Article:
“Education through real life experience will be its theme. The emphasis will be on children learning through doing and seeing things for themselves, rather than by memorising from textbooks.” Daily News 4 December 1969
When Lance Holt started a school in an old convent in North Fremantle with just 21 students in 1970, he was driven by a conviction that contemporary educational methods were not meeting the needs of many primary school students. Lance’s vision proved popular with parents (and with the sisters of the original male students). The school rapidly outgrew its location and moved into its current home in the heart of Fremantle’s West End.
Our federation era building at 10 Henry St has an eclectic history of its own, functioning as a café, clothing factory and lolly shop (amongst other things), before the school eventually occupied it in 1974. In 2004, the Heritage Council of WA listed Lance Holt School on its Register of Heritage Places as ‘the State’s oldest community school… [providing] evidence of a shift in the educational philosophies in the 1970s towards a more community-based education and school administration’. The register describes the school as, ‘the only known existing example within Western Australia of a commercial building adapted for use as a full-time educational facility for children.’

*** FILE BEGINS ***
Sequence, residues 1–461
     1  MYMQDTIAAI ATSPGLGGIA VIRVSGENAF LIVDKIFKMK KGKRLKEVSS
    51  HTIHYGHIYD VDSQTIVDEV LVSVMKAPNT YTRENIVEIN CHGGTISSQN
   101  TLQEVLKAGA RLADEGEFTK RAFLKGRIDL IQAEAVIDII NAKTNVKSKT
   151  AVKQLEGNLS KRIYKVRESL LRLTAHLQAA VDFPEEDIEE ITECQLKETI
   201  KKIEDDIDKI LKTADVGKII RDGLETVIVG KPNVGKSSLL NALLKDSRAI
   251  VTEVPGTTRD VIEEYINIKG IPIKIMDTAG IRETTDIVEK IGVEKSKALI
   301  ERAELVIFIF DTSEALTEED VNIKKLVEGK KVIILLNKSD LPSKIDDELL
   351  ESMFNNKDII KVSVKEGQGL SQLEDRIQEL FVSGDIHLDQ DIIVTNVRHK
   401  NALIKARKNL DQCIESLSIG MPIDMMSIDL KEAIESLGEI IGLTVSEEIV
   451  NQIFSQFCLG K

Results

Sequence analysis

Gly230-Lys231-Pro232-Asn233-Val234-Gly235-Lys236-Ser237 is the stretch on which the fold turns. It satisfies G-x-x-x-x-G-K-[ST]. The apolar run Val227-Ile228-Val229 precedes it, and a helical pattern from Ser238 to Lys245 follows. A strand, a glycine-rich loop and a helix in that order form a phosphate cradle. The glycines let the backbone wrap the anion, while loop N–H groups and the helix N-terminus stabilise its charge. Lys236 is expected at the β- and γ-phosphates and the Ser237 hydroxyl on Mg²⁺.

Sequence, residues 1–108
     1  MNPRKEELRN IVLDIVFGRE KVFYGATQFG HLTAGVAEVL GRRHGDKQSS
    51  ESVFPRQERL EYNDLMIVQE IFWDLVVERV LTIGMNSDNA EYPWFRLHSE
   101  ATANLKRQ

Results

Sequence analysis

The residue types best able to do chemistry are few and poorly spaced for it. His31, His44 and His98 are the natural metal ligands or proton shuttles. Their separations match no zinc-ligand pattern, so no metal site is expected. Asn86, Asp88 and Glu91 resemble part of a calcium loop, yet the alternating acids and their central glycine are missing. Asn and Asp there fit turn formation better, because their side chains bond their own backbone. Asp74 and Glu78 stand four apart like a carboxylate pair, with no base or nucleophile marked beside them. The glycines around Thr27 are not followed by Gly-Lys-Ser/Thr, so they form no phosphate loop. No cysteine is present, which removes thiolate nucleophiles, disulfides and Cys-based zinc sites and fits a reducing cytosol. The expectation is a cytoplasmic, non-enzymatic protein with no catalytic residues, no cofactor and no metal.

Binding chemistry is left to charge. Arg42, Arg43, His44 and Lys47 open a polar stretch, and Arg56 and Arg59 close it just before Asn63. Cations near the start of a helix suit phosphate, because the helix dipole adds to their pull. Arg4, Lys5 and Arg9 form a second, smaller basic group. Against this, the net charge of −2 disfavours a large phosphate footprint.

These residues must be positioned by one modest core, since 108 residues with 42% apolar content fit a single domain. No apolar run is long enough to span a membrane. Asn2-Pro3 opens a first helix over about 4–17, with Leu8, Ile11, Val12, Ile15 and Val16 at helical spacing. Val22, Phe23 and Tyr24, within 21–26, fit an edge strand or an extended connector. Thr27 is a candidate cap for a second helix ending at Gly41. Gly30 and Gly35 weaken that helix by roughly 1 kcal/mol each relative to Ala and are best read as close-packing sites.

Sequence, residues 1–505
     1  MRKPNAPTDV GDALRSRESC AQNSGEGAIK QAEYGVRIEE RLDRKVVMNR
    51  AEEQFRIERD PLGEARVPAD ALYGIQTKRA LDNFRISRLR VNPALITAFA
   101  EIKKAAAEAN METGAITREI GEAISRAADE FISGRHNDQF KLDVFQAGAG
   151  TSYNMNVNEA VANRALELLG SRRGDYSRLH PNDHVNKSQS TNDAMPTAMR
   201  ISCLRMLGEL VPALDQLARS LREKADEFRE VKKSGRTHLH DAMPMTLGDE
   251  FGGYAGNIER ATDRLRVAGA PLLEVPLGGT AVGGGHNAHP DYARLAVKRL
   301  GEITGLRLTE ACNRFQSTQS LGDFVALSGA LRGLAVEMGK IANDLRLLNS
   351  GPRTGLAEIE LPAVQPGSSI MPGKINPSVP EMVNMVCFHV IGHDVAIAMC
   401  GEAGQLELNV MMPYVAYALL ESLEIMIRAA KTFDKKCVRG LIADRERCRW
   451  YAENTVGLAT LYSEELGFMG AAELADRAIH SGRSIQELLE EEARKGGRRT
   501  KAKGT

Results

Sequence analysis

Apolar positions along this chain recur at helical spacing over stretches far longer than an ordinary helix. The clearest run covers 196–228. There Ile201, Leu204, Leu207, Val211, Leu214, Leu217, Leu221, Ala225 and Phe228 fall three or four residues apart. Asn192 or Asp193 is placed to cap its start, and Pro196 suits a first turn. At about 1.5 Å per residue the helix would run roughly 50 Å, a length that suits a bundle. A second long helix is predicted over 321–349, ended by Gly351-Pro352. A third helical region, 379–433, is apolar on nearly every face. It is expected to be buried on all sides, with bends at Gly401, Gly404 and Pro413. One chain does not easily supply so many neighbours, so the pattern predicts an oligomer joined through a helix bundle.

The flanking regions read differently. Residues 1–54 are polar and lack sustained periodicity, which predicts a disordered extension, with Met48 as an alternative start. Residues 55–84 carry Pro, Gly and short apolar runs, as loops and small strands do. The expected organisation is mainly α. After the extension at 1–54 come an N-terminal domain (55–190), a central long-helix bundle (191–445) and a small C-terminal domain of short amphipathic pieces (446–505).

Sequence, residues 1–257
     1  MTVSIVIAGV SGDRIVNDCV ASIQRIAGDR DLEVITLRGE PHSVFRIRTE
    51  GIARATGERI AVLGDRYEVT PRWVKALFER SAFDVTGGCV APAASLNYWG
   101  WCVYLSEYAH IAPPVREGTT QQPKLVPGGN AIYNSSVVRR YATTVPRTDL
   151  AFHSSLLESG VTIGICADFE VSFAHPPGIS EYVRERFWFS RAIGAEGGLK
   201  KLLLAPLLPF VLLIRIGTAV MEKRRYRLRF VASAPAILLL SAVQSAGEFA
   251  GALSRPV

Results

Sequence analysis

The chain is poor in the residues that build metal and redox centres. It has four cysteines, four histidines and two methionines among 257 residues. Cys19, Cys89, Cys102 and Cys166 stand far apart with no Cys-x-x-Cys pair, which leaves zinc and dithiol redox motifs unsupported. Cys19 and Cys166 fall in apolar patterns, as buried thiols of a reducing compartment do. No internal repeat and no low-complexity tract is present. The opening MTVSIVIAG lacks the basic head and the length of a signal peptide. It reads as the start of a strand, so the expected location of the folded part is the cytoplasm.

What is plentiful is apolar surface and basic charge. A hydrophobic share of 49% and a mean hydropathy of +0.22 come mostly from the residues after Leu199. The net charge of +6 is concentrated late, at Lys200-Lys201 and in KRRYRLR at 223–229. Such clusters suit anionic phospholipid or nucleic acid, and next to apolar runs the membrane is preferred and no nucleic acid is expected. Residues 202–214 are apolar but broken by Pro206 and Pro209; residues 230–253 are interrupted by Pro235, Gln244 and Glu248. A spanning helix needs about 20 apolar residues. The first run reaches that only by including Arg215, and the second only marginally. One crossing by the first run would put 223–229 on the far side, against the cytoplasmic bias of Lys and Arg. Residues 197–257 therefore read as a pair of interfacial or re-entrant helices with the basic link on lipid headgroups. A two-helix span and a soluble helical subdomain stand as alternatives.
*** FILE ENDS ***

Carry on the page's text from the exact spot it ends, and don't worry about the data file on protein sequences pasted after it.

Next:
While the school has grown and developed, acquiring more teachers and new resources, the innovative and inclusive ethos of the school remains.
“You do a lot of interesting things at school. You have fun, but you learn things at the same time.” Student 1970
“We’re just like a big family, … you get to be friends with everyone.” Student 1970
Lance Holt students today echo these sentiments, just as visitors to the school echo the words of journalist Geraldine Willesee, who identified, “the enthusiasm and eagerness” of the students as the “most distinctive feature of the school”.